Australia — A MAJOR bushfire in WA where whole towns will be razed and many lives lost is imminent, Bushfire Front chairman Roger Underwood says.
Mr Underwood, a former general manager of the Department of Conservation and Land Management and a long-time advocate of prescribed burns, said decades of bushfire mismanagement had left WA vulnerable.
“Western Australia has suffered some horrible bushfires in the last five years,” he said. “But horrible as each of these fires were, there is worse to come.
“Everything points to the big one being not too far away. When it strikes, it will not just be 100 houses that are destroyed, but whole towns will be burned down, there will be catastrophic damage to social and economic infrastructure and many people will perish.
“Whatever the authorities do now will be too late, at least for this summer.”
In an exclusive column for tonight’s PerthNow iPad edition, Mr Underwood said a “perfect storm” of factors had put parts of WA in grave danger.
Mr Underwood said the state’s worst bushfire would be fuelled by gale-force winds from a cyclone off the North-West coast.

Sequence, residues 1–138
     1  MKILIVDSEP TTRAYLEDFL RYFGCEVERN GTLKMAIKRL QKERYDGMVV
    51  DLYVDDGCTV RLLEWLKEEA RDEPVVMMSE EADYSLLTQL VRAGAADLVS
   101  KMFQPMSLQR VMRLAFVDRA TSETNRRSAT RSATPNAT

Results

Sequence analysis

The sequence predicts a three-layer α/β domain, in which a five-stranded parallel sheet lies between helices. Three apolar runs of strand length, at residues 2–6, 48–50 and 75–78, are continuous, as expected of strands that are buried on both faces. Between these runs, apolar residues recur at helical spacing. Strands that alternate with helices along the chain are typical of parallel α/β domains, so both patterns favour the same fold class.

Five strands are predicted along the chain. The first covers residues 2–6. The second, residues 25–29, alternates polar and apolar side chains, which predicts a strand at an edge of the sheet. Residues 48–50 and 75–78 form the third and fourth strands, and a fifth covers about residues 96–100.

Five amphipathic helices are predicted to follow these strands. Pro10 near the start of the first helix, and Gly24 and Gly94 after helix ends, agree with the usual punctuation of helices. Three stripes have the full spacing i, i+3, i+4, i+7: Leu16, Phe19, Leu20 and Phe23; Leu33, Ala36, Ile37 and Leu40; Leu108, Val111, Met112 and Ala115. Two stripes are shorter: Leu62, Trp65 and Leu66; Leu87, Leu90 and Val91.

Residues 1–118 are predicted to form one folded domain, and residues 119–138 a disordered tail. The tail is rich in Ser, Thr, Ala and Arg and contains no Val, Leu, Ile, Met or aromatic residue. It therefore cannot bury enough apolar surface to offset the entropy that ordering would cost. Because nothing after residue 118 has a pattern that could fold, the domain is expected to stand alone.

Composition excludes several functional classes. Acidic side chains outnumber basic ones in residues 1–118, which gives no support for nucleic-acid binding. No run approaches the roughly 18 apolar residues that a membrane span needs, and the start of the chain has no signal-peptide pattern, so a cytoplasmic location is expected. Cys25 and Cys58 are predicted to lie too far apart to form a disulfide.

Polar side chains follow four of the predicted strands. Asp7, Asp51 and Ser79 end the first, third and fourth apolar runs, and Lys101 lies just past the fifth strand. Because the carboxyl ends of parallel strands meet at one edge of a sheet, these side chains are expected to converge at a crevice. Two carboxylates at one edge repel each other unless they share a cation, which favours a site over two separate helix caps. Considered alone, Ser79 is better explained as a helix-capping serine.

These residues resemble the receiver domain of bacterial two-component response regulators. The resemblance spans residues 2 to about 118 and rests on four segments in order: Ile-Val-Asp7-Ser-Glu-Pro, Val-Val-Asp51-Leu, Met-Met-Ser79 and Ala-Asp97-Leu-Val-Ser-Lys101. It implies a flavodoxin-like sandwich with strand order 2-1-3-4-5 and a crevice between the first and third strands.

“On a day of 40 degrees, numerous fires will be started by lightning, or by accidents, powerlines or arsonists,” he said.
“Many small fires will be successfully contained by brave firefighters, but those burning in heavy fuels will still be ‘live’ when the wind goes into the North-West and reaches gale-force strength.
“This will lead to a fast-moving fire, running to the south, preceded by an ember storm and long-distance spotting.
“The trough along the west coast will then move inland and the wind will back into the west, turning eastern flanks into headfires.
Roads will be blocked by fallen powerlines and trees, power and water supplies will be lost and communication systems in meltdown.”
Mr Underwood said many fires would occur at once in the bushland subdivisions north and east of Perth or near Bunbury, Denmark or Albany.
“Small towns within South-West forests like Jarrahdale and Dwellingup and perhaps Collie, will almost certainly be in the firing line,” he said.
“Tree-change communities along the Avon River from Toodyay to Brookton are highly vulnerable.”